Dave Hyde of the Sun Sentinel reports the Dolphins have had internal discussions about a long-term contract for Tannehill. The deal reportedly would be for seven years with a maximum value of $105 million, which includes incentives. Doing simple math, this type of contract gives Tannehill an average of $15 million per year.
Hyde also reports the contract would be guaranteed for two years and the team would have an out clause before the third season. This layout is similar to what the Cincinnati Bengals did last season with Andy Dalton, who signed a six-year, $115 million contract.
Here is the big question: Is Tannehill a $100-plus million quarterback? There are two ways to answer this question, and a strong case can be made either way.
Tannehill’s critics say absolutely not. He is 23-25 as a starter and has yet to lead the Dolphins to the playoffs or have a winning season. Football is a team sport, so it’s not all on him. However, elite franchise quarterbacks elevate the play of those around them, and Tannehill has not yet proven he can do that. Tannehill also struggles mightily to throw the deep ball, which is a weakness that may not be fixable. With a long-term contract, the Dolphins are essentially committing to a short and intermediate passing game that doesn’t attack opponents deep.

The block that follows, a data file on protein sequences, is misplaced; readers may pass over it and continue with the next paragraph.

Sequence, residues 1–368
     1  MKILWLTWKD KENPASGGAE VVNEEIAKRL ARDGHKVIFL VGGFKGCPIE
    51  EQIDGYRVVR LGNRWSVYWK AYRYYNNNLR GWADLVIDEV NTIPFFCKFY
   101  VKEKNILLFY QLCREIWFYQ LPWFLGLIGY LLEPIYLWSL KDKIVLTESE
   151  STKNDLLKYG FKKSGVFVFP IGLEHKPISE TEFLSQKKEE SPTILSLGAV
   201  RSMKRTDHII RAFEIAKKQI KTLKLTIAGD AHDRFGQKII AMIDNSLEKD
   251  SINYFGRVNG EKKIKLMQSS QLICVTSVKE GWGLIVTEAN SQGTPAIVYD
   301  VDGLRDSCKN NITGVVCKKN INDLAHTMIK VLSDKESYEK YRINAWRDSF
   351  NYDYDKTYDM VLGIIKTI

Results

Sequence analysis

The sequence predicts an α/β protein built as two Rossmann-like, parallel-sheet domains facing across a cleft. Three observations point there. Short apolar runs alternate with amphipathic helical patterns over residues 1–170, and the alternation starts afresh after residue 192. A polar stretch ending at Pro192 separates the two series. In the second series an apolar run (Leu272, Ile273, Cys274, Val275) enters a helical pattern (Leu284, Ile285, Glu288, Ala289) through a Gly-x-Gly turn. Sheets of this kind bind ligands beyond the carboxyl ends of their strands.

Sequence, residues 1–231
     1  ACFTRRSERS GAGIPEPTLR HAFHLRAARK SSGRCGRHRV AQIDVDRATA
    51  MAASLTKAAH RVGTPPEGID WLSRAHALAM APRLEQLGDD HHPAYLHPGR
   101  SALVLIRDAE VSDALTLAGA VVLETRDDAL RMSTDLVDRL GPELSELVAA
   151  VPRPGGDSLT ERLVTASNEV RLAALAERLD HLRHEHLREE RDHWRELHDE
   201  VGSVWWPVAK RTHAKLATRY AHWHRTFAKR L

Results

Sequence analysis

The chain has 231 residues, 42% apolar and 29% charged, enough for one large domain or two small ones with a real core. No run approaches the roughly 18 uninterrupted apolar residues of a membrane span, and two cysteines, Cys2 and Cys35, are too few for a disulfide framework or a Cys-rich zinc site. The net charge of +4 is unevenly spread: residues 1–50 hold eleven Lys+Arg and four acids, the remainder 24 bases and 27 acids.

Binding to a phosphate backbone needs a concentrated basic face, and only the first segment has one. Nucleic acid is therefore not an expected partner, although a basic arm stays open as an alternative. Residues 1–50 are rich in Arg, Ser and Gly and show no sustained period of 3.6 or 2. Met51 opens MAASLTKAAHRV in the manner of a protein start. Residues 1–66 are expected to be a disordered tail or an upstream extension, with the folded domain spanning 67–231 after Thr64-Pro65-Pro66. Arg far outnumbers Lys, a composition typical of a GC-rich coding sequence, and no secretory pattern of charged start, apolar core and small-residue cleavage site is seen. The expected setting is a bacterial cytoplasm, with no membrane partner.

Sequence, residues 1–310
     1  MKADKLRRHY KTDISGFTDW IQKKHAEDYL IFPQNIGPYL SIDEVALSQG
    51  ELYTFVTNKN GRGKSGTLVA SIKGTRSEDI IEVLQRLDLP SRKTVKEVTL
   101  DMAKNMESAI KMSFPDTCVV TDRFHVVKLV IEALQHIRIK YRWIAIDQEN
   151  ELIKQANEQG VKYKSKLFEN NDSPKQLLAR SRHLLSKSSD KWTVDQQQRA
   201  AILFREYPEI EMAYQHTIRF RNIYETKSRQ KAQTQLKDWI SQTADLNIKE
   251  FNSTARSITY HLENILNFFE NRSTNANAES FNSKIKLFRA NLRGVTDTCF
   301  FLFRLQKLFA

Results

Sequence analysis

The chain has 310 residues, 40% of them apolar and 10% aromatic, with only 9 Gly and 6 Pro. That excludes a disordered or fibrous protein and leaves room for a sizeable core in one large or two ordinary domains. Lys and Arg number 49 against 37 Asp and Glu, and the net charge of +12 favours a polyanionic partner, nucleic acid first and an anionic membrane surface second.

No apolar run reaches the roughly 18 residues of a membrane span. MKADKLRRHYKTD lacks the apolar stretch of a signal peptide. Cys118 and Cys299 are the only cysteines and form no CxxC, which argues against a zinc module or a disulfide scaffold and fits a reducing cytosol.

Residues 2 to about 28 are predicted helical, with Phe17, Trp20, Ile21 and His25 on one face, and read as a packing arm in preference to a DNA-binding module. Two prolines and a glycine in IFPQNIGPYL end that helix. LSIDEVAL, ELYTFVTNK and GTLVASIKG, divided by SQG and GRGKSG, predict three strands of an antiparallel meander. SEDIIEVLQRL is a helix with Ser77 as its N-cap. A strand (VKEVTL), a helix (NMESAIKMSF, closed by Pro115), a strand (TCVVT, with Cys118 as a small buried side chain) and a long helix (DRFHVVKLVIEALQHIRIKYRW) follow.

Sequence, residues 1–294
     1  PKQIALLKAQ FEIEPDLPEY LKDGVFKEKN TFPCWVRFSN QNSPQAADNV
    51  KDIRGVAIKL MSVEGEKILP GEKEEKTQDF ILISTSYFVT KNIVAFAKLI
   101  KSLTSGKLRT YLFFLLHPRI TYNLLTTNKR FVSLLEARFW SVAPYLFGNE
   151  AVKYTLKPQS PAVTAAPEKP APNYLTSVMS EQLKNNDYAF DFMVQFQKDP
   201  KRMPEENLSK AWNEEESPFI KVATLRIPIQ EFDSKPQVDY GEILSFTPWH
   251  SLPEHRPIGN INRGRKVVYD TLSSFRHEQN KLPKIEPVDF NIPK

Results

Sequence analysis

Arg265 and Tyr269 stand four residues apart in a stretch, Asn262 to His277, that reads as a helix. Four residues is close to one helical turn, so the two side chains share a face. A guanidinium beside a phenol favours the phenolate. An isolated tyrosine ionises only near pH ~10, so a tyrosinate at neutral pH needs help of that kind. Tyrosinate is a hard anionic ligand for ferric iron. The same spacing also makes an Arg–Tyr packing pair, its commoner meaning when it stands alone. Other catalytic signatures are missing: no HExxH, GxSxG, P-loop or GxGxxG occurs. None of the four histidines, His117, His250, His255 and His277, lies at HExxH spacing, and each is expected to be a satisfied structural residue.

In contrast, Tannehill supporters make a case that he is worth $100-plus million simply because that is what the market dictates. Quarterbacks play the glamour position and get paid handsomely for it. Tannehill also is coming off a career year where he threw for 4,045 yards, 27 touchdowns and had a 92.8 passer rating. If quarterbacks such as Dalton (83.5 rating), Jay Cutler (88.6), Colin Kaepernick (86.4) and Matthew Stafford (85.7) all recently signed $100-plus million extensions, why not Tannehill?
Is Tannehill a top-10 quarterback? No. But neither are these aforementioned $100-million quarterbacks in his peer group. The market may be overblown, but that is something the Dolphins can’t control.
What the Dolphins can control is their options and, ultimately, their decision. The team can work out an extension, use its fifth-year option for $15 million in 2016, or roll the dice and let Tannehill play out the final year of his rookie contract.
If I’m the Dolphins, I would take advantage of the fifth-year option. It would keep Tannehill in the fold for two more years for approximately $17 million. After that point, the Dolphins should definitely know if Tannehill is a franchise quarterback.
The Dolphins must get this quarterback decision right for the long-term health of the franchise.